This book is emotional and it rips at your heart and there is a reason that it is a book that truly did change the world. It is full of fantastic colorful characters. I often find myself at a loss for words when saying how I feel about this book. I also enjoy the movie, I felt the movie really did justice to the book. However, the book itself just truly I have found it hard to say the right words. It changed me when I first read it and at times where I feel disconnected I often come back to it. I read it and I remind myself of the feeling that I had when I first read the book. Most of the time it can center me again, that is why I read it again this year in 2016.

The writing style is unique and I like the way that Alice Walker used poor grammar and short phrases among other things, to truly bring the characters to life. There are times that you feel as if they could leap off the page and you could talk directly to them. If you have not read this classic book I suggest that you do. It is life changing. However, although I read it when I was very young I would not recommend it be read before High School personally. I can look back now as an adult and see that I read a few very graphic books that I likely should not have at a young age. Luckily for me those books galvanized me into the person I am today, but it could have very easily traumatized me. Before anyone reading this thinks my parents were not supervising me enough, they watched over me carefully, but like any kid sometimes I was sneaky and naughty. Not only that but my parents tried not to stifle my reading choices because they encouraged me to read and to learn about these things. Events like what happened in The color Purple are events that happened in the world you can’t rosy color history sometimes. Much like being allowed to read Trinity by Leon Uris long before I should have (another very graphic and violent book) and yet today it is also one of my favorites and a book I feel had an impact on my life. History and event books were generally approved, romances, though well, tsk tsk none of those until I was of proper age!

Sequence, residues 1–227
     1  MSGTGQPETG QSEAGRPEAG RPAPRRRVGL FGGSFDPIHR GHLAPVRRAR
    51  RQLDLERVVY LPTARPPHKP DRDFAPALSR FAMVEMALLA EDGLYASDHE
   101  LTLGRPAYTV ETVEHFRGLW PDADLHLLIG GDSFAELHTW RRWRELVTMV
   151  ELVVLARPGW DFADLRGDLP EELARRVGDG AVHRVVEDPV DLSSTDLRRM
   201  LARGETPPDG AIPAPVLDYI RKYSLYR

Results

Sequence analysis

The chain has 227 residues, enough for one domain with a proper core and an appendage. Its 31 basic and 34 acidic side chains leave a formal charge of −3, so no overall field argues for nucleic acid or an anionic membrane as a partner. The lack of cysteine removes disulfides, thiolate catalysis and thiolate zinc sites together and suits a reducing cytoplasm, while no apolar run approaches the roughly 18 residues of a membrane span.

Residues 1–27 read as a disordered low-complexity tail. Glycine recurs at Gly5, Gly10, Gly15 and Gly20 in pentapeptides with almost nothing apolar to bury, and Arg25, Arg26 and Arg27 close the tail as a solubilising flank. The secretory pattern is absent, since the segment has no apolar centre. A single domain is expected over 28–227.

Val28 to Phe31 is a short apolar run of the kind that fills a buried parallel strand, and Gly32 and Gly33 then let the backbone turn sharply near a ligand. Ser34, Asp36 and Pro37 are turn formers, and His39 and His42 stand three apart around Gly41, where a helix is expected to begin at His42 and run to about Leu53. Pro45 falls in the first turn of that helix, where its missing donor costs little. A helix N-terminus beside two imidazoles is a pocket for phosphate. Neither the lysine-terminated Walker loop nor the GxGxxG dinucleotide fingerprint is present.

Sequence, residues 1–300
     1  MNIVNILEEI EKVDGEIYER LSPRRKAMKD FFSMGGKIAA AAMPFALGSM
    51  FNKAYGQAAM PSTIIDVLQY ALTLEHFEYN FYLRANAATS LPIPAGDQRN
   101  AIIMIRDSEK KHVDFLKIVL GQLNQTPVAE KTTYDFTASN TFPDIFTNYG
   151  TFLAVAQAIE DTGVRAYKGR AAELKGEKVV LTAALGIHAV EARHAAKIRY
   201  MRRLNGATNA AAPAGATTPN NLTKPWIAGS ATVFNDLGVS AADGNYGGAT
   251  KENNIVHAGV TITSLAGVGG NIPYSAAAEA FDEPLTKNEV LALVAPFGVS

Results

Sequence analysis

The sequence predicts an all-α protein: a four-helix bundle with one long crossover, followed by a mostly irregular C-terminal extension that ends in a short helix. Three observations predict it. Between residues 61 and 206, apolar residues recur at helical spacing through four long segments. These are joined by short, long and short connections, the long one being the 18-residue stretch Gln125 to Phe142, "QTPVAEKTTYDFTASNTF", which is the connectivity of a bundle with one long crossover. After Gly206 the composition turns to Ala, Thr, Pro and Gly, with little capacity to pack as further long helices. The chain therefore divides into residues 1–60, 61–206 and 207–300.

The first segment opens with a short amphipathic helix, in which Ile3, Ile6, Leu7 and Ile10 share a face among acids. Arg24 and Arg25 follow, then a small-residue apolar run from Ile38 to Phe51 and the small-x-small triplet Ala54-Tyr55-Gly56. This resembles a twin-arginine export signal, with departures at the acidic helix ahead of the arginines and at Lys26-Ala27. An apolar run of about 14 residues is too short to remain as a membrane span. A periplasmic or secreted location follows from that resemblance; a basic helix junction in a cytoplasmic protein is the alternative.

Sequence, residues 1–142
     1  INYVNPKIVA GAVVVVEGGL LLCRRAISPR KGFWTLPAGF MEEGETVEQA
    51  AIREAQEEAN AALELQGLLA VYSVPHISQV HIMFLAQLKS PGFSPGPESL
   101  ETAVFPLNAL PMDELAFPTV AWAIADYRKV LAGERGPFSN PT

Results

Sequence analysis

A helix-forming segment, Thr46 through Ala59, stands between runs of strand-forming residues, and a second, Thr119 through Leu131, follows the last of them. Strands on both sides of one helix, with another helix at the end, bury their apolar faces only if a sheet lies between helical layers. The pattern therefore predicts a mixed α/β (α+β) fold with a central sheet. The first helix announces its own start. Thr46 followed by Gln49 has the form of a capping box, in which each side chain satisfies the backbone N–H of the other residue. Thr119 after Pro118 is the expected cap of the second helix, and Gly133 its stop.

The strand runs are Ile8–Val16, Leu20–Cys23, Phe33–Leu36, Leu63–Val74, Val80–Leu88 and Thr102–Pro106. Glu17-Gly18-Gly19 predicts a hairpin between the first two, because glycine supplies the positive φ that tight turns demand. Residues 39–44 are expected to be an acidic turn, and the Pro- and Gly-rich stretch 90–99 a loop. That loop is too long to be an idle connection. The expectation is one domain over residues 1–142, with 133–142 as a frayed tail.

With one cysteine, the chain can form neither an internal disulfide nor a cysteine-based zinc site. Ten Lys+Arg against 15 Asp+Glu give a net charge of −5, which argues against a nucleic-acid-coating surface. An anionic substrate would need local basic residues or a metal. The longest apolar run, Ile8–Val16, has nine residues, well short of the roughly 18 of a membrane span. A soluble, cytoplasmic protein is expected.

I realize this review has turned into a bit of a ramble and a little off topic. I am sorry about that. The long and short of it, The Color Purple is, was and always will be to me a fantastic book. It is a book that I feel everyone should read before they die.

My Gemstone Rating:

Photobucket

Book Review: The King’s Damsel (Secrets of the Tudor Court #5) by Kate Emerson

In the fifth novel in Kate Emerson’s highly acclaimed Secrets of the Tudor Court series, a young gentlewoman catches King Henry the Eighth’s roving eye.In 1533 and again in 1534, Henry the Eighth reportedly kept a mistress while he was married to Anne Boleyn. Now, that mistress comes to vivid life in Kate Emerson’s The King’s Damsel.
A real-life letter from Spanish Ambassador Eustace Chapuys, written on September 27, 1534, reported that the king had “renewed and increased the love he formerly bore to another very handsome young lady of the Court” and that the queen had tried “to dismiss the damsel from her service.” Other letters from Eustace reveal that the mystery woman was a “true friend” of the Princess (later Queen) Mary, Henry’s daughter by Catherine of Aragon. Though no one knows who “the king’s damsel” really was, here Kate Emerson presents her as young gentlewoman Thomasine Lodge, a lady-in-waiting to King Henry’s daughter, Princess Mary. Thomasine becomes the Princess’s confidante, especially as Henry’s marriage to Catherine dissolves and tensions run high. When the king procures a divorce in order to marry Anne Boleyn, who is suspicious and distrustful of Mary, Mary has Thomasine placed in Anne’s service to be her eyes and ears. And that’s when she gets the attention of the king…